It also sounds like your diesel quality up there could be a bit problematic as well. Also not a good thing for the 335d. May be a bit too refined for your area.

Just my opinion. I'd stick with a truck for sure.

Snipe, you have any words for this guy?

Pierre Louis 11-08-2012 08:40 PM

From: How good is the Alaska Highway?
Quote:

The Alaska Highway, despite its reputation, is not terrible. It's a fast, scenic and wildlife-filled adventure with plenty of businesses along the way to make travel easier.

The highway surface is almost all asphalt. The exceptions are some construction zones, and these are gravel.

The 1,422-mile Alaska Highway starts in Dawson Creek, small city in northeastern British Columbia. It runs about 1,220 miles through British Columbia and Yukon Territory to the Alaska Border and for another 200 miles from the border to Delta Junction, Alaska. (Sometimes the 95 miles of the Richardson Highway between Delta Junction and Fairbanks are considered part of the Alaska Highway.)

The Alaska Highway is only part of the trip between the Lower 48 and Alaska. To reach Dawson Creek, drivers from the United States generally motor up from Washington state through British Columbia, or from Montana through Alberta.

Including the Alaska Highway, the distance to the Yukon-Alaska border is 1,950 miles from the Montana-Alberta border and 1,900 miles from the Washington-British Columbia border.

Speed: The Alaska Highway in the 1940s and 1950s was a nightmare of mud and potholes. Now it's possible to drive everything from a four-wheel-drive pickup to an RV to a low-slung sedan up and down the asphalt road at 55 or 65 mph, depending on the local limit. A steady driver can expect to average 50 miles an hour over the course of a day.

Construction: Some places are under construction, as might be expected on a road 1,600 miles long, and some places are packed gravel instead of asphalt. Chipped and cracked windshields are possible. Check the road conditions in Alaska, British Columbia and Yukon Territory.

Weather: The Alaska Highway is a lot friendlier in the summer than in the winter, when temperatures fall below -50 and blowing snow can make the road hazardous. Summertime temperatures may reach the 70s, but late summer rains can also make the road seem pretty long.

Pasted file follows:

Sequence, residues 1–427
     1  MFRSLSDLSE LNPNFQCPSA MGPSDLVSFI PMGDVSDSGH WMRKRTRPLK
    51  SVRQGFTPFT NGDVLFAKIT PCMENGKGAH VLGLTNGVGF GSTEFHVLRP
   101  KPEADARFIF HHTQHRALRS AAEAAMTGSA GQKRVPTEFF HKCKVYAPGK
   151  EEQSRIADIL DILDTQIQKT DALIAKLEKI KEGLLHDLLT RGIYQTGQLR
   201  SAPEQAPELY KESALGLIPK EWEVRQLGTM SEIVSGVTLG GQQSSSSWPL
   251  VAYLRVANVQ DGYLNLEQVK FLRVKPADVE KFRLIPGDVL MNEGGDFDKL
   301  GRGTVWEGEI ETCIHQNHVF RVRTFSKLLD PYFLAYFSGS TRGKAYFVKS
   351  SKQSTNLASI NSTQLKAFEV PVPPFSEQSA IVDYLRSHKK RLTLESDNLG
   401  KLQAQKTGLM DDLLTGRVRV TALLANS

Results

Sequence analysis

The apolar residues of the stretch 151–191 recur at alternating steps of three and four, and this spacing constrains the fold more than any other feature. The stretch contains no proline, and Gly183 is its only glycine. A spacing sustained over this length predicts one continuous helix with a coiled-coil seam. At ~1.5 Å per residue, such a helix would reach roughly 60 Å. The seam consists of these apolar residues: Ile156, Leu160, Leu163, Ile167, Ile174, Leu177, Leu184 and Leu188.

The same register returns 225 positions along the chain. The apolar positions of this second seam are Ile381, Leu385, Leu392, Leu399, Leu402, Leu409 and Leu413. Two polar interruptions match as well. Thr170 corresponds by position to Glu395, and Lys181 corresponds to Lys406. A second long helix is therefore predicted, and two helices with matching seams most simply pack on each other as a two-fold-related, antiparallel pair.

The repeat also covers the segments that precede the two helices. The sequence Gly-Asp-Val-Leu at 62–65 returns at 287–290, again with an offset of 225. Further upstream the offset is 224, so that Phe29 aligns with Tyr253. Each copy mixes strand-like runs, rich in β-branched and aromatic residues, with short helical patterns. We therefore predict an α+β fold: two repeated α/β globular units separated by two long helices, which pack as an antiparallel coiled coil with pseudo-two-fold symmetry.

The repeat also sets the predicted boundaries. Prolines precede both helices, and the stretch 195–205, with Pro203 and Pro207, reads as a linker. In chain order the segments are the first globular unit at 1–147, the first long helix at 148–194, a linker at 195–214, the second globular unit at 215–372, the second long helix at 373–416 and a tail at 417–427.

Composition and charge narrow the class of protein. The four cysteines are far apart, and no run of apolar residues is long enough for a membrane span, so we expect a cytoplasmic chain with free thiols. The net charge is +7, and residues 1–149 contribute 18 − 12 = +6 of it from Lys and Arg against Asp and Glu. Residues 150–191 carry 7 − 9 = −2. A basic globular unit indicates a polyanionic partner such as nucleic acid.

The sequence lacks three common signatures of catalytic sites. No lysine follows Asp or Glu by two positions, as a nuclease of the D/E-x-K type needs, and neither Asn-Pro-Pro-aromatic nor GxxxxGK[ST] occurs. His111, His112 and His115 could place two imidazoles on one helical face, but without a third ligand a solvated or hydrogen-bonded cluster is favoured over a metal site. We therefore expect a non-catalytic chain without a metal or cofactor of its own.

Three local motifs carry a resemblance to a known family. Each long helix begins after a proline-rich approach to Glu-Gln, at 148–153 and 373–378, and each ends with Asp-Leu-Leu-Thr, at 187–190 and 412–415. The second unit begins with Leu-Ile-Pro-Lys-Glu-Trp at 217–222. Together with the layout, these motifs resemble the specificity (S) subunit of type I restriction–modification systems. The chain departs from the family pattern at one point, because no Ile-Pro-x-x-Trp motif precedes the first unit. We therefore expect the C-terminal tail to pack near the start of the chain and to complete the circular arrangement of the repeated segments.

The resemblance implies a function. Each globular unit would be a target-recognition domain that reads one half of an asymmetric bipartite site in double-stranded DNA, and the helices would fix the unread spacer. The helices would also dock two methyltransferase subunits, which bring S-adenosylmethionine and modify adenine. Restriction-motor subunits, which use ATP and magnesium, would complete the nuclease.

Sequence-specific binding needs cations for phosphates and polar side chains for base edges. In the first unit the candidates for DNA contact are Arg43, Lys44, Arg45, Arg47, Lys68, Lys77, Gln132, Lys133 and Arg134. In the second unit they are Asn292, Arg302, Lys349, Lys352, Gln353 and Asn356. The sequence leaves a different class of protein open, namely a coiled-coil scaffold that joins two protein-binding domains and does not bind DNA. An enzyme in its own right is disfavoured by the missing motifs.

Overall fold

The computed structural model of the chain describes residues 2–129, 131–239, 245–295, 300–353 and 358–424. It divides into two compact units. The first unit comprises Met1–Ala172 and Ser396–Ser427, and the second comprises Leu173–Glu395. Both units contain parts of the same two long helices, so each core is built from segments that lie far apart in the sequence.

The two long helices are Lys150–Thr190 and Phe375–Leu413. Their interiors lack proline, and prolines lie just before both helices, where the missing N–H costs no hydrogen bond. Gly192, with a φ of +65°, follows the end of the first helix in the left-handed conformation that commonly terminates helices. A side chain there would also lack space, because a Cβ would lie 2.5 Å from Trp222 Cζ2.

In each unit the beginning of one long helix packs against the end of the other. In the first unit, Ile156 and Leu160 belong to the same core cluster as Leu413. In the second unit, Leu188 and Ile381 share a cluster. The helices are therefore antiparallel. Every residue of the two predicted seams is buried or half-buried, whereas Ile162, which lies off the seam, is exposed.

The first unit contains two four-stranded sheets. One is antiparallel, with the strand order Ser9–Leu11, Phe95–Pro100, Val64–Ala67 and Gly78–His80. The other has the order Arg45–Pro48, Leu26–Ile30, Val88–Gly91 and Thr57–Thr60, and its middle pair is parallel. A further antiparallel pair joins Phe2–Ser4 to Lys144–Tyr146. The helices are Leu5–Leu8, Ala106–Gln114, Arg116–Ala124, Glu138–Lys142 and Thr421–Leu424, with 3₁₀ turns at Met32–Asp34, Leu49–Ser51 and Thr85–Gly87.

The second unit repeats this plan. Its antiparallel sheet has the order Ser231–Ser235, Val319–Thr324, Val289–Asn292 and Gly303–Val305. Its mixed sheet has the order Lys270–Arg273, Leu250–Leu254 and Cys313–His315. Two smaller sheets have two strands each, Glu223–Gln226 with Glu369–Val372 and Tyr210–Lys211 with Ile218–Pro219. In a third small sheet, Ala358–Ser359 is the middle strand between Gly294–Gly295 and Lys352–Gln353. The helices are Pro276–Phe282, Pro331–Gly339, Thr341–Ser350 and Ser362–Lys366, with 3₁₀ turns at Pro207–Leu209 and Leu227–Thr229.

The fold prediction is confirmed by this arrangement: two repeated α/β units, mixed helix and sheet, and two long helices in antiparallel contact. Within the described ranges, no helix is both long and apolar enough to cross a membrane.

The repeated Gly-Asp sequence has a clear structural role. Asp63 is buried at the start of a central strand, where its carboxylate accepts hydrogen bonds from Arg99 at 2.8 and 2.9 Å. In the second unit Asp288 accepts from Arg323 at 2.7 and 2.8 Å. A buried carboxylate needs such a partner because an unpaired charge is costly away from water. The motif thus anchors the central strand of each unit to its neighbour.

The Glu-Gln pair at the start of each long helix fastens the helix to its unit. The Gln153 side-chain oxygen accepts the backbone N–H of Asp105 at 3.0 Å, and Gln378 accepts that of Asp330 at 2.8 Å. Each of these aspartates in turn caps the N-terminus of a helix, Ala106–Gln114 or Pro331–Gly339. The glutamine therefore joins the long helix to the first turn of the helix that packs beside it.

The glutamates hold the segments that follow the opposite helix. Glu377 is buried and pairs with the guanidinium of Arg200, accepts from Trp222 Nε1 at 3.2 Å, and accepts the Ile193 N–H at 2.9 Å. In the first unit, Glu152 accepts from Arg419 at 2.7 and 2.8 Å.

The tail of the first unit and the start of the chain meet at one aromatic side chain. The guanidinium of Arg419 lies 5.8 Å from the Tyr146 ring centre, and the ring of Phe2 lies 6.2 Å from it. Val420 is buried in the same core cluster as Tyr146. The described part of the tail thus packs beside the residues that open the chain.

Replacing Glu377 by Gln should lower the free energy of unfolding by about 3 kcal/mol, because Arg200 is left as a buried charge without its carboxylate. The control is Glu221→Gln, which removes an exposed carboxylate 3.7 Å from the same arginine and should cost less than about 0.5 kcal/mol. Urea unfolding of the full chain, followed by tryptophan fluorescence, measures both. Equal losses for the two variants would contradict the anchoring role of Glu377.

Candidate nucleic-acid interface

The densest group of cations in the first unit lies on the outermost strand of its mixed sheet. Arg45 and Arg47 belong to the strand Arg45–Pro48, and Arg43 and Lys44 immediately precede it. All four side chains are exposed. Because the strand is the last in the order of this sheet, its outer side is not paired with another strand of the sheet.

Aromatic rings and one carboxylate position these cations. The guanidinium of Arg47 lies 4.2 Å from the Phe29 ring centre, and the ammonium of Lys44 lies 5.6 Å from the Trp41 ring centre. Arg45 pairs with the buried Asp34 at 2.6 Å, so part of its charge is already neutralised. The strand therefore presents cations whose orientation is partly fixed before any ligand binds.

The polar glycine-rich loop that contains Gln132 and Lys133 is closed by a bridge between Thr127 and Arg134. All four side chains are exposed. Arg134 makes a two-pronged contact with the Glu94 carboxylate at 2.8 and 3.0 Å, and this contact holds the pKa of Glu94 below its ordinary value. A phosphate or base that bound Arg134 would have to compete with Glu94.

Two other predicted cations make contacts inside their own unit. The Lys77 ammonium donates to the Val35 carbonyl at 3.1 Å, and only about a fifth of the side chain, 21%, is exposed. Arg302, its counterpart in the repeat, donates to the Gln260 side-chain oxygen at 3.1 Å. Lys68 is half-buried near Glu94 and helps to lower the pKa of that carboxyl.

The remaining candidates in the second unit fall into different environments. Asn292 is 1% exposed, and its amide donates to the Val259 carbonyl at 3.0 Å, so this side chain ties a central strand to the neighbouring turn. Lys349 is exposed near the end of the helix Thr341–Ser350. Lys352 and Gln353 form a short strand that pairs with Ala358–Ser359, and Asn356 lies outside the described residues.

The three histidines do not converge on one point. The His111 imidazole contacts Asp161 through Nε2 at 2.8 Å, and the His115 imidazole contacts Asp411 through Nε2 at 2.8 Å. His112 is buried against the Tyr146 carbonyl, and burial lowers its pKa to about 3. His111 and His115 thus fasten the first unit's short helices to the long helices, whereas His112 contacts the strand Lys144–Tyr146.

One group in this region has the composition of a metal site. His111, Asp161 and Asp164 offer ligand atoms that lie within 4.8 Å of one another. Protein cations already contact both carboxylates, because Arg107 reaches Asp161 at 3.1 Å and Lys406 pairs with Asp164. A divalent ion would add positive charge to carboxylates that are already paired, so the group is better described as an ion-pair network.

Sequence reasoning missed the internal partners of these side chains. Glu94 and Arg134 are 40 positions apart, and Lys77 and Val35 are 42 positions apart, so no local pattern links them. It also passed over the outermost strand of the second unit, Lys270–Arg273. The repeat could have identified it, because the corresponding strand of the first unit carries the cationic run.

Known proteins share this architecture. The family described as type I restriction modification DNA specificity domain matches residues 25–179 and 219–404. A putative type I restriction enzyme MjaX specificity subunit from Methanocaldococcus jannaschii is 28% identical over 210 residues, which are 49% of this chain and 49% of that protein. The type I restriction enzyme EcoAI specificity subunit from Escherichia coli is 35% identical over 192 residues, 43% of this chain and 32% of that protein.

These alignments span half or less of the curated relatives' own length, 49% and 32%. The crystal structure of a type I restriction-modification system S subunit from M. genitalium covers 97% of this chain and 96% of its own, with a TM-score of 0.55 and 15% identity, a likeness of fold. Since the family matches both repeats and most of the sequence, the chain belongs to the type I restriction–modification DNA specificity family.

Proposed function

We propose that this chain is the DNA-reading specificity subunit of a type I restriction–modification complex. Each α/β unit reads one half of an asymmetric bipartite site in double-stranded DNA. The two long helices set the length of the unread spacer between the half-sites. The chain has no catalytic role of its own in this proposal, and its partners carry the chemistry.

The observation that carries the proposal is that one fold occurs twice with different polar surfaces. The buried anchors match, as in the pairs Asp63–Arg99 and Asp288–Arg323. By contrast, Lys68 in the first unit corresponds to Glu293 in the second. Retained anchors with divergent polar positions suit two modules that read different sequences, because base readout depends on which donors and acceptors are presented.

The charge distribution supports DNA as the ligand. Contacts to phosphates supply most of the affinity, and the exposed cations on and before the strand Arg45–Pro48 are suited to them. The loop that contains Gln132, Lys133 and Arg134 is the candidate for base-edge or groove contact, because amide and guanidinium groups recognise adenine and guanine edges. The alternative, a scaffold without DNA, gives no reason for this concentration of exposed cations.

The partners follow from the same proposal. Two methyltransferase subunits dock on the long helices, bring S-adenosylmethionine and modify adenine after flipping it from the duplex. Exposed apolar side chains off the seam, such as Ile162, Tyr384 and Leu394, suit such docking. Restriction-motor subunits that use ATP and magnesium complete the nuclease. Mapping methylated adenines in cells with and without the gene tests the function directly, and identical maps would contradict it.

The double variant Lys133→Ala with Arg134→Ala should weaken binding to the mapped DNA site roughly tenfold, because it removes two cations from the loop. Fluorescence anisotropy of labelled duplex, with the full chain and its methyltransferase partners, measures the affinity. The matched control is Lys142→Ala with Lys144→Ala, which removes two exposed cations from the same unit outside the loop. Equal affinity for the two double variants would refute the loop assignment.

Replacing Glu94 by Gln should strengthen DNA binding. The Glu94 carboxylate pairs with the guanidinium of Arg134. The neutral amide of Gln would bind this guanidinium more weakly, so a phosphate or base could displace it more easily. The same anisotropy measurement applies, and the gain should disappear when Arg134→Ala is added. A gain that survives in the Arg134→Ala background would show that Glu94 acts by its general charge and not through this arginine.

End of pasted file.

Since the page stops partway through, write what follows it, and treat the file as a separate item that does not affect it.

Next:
Wildlife: Drivers can reasonably expect to see black and brown bears, bison, caribou, sheep and moose, plus many species of migratory and resident birds.

Gas: Drivers shouldn't worry about running out of gasoline or diesel fuel; the longest stretch without a gas station is about 100 miles between Whitehorse and Haines Junction in Yukon Territory.

Sleep: Accommodations, from frequent campgrounds to nice lodges, are open during the warm months and sometimes in the winter.
Sounds like avoiding the gravel roads would be good, as well as perhaps getting a 335d without the sport package! I guess it depends what others are doing with their cars: any Corvettes? Mercedes? other BMWs?

PL

BMWTurboDzl 11-09-2012 05:36 AM

No place to install an after market fuel filter. Personally with what you said in terms of roads and more importantly fuel quality I would avoid the 335d. For reference it uses the Bosch CP3 injection system or so I've read.

Sent from my MB525 using Bimmer App

Pierre Louis 11-09-2012 06:21 AM

Quote:

Originally Posted by BMWTurboDzl (Post 7185117)
No place to install an after market fuel filter. Personally with what you said in terms of roads and more importantly fuel quality I would avoid the 335d. For reference it uses the Bosch CP3 injection system or so I've read.

Sent from my MB525 using Bimmer App

Ultra Low Sulfur Diesel (ULSD) is now required even in rural Alaska since 2010. The required standard is ASTM D 975 which also has better fuel cleanliness:

Quote:

ASTM D 975 limits the ash content of most diesel fuels to a maximum of 100 ppm.
(Inorganic particles and oil-soluble, metallo-organic compounds both contribute to the
ash content; but, only inorganic particles will cause wear.) The U.S. government has a
tighter specification of 10 mg/L (approximately 12 ppm) for all particulate matter. However,
neither specification addresses particle size. While most fuel filters recommended by engine
manufacturers have a nominal pore size of 10 microns,6 studies by the Southwest Research
Institute reveal that the critical particle size for initiating significant abrasive wear in rotary
injection fuel pumps and in high-pressure fuel injection systems is from six to seven microns.
6 1 micron = 1 micrometer = 10-6 meter
However, as engine designs to reduce emissions result in higher fuel rail and injector pressures,
the tighter clearances will have less tolerance for solids and impurities in the fuel.
Consequently, some engine manufacturers are now specifying filters with pore size as low
as two microns.
If you think he needs a secondary fuel filter for Alaska, then we all do, since all US on-road diesel fuel has the same maximum particulate contaminant percentages now since 2010. Unless our friend is using off-road diesel, this should not cause a problem with his fuel pump.

Unless of course you think unacceptable wear occurs from winter diesel having higher kerosene content, which I imagine would be more common in Alaska even during "Summer" months. The ASTM standard is specific for lubricity also, so it should not be as bad as before ULSD.